600 women are screened in the AUC-Ministry of Public Health breast abnormalities project
GREAT BAY, Sint Maarten (DCOMM) – This past weekend, the American University of the Caribbean (AUC) School of Medicine in collaboration with the Positive Foundation and the Ministry of Public Health, Social Development, and Labor, hosted another successful free breast and health screening event in Philipsburg.
More than a dozen AUC students under the supervision of clinical medicine fellows provided 35 women with general health assessments that include family medical history, checking vital signs, calculating body/mass index, measuring waist circumference, visual acuity, blood glucose, and cholesterol level.
Each assessment also included a free clinical breast examination by Dr. Naira Chobanyan, clinical oncologist, and professor of clinical medicine at AUC.
The educational part included a presentation of the risk factors for breast cancer, a demonstration of the clinical breast exam breast abnormalities on plastic models, and an assessment of individual risk for breast cancer in participating women over 35.
Up to date the total number of local women served within the breast screening project is 600. Results of this study are vital for understanding the prevalence of breast abnormalities within population of Sint Maarten.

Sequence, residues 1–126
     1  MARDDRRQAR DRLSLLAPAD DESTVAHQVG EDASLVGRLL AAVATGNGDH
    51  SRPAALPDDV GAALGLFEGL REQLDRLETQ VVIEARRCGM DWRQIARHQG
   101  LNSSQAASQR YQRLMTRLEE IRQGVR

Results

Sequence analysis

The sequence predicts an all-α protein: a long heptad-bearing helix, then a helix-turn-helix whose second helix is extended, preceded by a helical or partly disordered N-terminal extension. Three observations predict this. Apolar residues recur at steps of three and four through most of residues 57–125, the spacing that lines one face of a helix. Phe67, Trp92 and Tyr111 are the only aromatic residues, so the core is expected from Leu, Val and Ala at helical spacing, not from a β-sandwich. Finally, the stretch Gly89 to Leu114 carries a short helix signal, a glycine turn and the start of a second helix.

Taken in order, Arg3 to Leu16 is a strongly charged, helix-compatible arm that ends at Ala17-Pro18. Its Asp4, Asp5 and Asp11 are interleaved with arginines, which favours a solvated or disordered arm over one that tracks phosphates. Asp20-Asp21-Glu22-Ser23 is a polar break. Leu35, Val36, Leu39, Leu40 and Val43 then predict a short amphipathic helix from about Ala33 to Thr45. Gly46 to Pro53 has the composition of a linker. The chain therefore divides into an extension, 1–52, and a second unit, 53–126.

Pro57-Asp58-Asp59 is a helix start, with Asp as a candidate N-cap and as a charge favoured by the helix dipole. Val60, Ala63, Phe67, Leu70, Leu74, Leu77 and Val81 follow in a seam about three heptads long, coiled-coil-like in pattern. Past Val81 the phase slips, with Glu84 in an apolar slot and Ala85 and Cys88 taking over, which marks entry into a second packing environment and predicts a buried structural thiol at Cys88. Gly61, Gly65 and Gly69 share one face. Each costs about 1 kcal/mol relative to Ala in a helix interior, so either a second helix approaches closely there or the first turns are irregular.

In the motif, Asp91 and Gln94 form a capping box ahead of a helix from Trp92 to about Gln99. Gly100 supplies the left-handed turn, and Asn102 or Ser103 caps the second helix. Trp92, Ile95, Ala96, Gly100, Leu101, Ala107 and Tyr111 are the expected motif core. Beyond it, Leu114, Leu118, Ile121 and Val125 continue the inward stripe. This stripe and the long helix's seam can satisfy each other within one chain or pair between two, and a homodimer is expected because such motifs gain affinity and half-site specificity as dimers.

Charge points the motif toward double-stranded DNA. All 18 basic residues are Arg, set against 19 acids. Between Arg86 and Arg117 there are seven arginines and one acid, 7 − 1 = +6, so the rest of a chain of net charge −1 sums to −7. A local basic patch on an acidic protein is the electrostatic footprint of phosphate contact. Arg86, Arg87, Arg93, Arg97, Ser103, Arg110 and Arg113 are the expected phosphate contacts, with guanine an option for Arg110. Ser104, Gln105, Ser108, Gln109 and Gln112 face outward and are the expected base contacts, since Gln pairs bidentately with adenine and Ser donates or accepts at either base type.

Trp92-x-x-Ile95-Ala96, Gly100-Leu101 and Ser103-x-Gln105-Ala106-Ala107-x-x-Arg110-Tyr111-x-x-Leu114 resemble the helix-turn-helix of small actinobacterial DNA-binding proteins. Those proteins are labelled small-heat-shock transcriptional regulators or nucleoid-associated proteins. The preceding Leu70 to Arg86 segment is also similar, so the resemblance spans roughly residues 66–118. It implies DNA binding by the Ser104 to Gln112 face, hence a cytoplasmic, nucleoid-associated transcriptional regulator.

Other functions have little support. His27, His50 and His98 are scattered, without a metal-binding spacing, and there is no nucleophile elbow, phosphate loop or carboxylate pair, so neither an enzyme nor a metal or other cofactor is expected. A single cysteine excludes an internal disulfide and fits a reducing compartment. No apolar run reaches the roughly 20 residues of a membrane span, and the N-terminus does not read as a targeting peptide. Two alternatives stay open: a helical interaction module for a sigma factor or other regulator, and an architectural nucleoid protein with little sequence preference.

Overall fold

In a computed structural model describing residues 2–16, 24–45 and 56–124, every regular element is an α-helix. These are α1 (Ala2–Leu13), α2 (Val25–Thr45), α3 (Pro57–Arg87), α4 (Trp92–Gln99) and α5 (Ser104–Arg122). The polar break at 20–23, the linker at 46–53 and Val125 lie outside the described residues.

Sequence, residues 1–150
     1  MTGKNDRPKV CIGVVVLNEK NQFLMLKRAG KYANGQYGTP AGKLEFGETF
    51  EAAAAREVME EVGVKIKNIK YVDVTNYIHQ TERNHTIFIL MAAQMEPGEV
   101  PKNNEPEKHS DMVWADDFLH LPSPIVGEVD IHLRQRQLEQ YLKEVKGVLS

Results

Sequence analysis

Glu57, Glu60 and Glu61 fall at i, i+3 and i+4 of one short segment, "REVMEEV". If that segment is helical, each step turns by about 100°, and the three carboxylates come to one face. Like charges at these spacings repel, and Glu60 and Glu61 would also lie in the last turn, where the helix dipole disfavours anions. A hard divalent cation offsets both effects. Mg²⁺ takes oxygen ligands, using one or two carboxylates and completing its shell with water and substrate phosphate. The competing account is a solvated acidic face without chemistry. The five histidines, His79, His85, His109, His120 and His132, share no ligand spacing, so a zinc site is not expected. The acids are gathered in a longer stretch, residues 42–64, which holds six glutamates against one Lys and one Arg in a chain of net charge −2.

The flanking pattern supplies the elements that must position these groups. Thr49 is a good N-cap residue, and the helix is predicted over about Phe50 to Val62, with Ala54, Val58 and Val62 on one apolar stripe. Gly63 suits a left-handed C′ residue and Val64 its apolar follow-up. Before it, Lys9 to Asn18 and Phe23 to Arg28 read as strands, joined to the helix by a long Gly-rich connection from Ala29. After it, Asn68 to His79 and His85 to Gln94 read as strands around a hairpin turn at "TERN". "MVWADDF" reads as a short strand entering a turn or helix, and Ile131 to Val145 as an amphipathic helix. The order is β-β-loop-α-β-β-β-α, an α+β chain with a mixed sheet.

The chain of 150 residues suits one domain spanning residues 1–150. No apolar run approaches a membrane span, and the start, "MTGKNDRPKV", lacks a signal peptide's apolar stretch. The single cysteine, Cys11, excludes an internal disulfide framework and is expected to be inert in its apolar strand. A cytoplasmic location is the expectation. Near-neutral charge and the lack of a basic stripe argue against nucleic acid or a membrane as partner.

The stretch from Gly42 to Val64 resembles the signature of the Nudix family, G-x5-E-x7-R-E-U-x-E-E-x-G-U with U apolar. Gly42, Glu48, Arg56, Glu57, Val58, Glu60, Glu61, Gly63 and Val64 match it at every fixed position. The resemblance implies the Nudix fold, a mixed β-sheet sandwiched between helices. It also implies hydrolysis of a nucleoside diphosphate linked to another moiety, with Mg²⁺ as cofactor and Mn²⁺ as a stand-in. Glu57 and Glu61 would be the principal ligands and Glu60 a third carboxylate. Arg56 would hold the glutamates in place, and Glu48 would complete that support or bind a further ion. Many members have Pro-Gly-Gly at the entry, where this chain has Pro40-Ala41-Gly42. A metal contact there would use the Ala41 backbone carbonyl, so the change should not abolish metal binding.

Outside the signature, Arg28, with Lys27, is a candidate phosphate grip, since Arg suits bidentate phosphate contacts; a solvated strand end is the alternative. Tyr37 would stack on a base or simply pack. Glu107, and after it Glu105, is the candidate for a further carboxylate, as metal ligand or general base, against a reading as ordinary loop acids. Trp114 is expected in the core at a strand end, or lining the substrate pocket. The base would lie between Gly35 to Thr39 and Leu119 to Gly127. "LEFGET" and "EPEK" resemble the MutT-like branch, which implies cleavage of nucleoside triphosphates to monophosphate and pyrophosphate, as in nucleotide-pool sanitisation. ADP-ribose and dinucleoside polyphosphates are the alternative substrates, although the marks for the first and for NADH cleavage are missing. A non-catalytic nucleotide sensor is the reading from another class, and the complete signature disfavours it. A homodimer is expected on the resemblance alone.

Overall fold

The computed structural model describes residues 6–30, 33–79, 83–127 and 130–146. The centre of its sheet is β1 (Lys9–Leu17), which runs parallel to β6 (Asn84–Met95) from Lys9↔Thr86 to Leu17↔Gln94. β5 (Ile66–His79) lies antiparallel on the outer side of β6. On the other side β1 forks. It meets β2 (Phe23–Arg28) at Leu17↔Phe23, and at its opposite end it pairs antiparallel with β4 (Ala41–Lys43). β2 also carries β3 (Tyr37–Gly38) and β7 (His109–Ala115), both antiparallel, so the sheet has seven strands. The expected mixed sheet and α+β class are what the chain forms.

All results will be reported to the Ministry of Public Health to help establish policies for the screening of breast abnormalities and cancer.
For AUC medical students and clinical medicine fellows, the event was an opportunity to work side-by-side with patients while practicing clinical and communication skills.
Students spent much of their time explaining the signs, symptoms, and risk factors of breast cancer, and answering questions about personal breast health and self-care.
In addition to the benefits this research brings to the community of Sint Maarten regarding breast awareness and education, clinical fellows and medical students are afforded an opportunity to gain real-world clinical experience.
By working with real patients, conducting interviews, and performing an overall health assessment, medical students could enhance their preparedness for clinical rotations.
The project will continue in the next academic semester.